When using Hemp oil over flat paints, the oil penetrates and combines with the paint to produce a deep, rich color resulting in subtle, gentle sheen that is now a water resistant surface and protected from the inside out.  Hemp oil does have a slight color.  It looks very similar to olive oil.  When using over painted surfaces, do a test spot first in an inconspicuous area.  Lighter colors may take on a slight tint but always deepen, becoming richer.

Hemp Oil: Using on Raw, Stained and Painted Furniture

Seriously, I don’t think there is anything simpler than using Hemp Oil in furniture refinishing or care.  Open the bottle and apply using a brush or rag.  It’s that easy!  If using a brush I recommend pouring a small amount into a container for easier brush access but usually I just open the container, pour out a little oil on the surface and spread with a soft, clean rag.  

 I work it in gently, going in the direction of the grain, making sure I leave no obvious oil drops or puddles. 

Before                                           After

Wait 30 minutes then remove any excess oil remaining on the surface.  Allow 12 hours between coats and you can apply up to three for maximum protection.  Maintenance:  apply a coat every other year or as needed.  For additional protection on a piece, add a furniture wax over the hemp oil when fully dry.  Hemp oil is usually fully dry after 24 hours.  Hemp Oil cleans up with soap and water.  That’s the best!  What do you think?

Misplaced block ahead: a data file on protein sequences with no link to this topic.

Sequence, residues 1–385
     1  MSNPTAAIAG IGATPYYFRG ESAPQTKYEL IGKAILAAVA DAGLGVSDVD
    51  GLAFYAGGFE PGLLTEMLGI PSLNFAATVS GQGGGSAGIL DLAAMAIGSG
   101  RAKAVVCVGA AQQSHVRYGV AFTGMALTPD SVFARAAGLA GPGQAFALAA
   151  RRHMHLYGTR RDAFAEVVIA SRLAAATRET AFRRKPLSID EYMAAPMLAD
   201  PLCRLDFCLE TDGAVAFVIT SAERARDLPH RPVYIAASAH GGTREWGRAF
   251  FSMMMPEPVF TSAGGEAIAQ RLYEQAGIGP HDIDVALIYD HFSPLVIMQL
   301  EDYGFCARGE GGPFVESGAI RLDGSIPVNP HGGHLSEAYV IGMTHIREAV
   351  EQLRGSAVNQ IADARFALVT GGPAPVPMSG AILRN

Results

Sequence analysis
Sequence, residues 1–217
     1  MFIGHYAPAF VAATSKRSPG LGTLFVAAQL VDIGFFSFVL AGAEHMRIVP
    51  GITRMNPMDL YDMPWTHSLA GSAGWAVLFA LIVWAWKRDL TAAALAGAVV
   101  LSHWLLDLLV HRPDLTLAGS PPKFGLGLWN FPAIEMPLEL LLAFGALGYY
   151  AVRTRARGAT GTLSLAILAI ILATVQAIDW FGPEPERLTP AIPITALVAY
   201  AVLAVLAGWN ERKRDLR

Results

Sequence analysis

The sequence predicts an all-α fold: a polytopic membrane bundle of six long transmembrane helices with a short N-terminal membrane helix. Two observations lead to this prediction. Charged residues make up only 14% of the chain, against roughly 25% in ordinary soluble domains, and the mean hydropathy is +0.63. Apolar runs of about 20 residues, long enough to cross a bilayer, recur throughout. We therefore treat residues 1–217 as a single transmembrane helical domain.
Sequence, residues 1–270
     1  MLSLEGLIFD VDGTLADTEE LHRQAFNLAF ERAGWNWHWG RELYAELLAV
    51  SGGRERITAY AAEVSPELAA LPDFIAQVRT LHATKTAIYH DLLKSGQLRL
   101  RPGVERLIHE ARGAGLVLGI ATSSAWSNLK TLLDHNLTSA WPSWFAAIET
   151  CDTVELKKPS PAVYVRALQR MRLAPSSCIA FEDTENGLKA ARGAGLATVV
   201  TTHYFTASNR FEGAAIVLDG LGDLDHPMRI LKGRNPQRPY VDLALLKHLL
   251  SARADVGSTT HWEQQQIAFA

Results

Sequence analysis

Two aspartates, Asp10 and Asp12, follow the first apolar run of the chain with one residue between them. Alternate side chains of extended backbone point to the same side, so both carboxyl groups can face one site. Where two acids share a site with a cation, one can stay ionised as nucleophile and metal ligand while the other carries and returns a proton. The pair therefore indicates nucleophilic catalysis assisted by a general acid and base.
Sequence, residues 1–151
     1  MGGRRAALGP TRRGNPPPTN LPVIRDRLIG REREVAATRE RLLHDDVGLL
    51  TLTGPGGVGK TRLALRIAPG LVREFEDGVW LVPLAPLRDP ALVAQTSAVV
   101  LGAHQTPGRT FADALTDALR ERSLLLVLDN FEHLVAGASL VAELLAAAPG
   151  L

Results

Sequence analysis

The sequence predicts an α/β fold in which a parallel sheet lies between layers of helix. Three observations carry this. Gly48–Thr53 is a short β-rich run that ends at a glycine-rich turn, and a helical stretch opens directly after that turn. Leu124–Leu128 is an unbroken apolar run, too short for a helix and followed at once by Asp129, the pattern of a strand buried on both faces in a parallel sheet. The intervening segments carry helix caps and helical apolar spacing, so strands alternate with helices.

Sunday, December 2, 2012

Gluesticks: Summer 3-D Star Wreath

Had to share this beautiful blog post from -! 

Although intended as a fresh summer wreath idea, these 3D stars will work perfectly for the Christmas season as well.  Paint & glitter can transform plain cereal boxes into beautiful ornaments and gift wrap embellishments.  You can find the original post here: 

Gluesticks: Summer 3-D Star Wreath: Aaron and I made this fun cardstock wreath for our front door. Nice and bright with summer colors and easy to customize for any season. How...

Brandy gives easy to follow instructions and a perfect photo trail of the steps below so that you too can make these stars and brighten up your holiday decor.

Summer 3-D Star Wreath

Aaron and I made this fun cardstock wreath for our front door. Nice and bright with summer colors and easy to customize for any season. How cute would it be in red, white and blue for the 4th of July, or made with fun Christmas paper?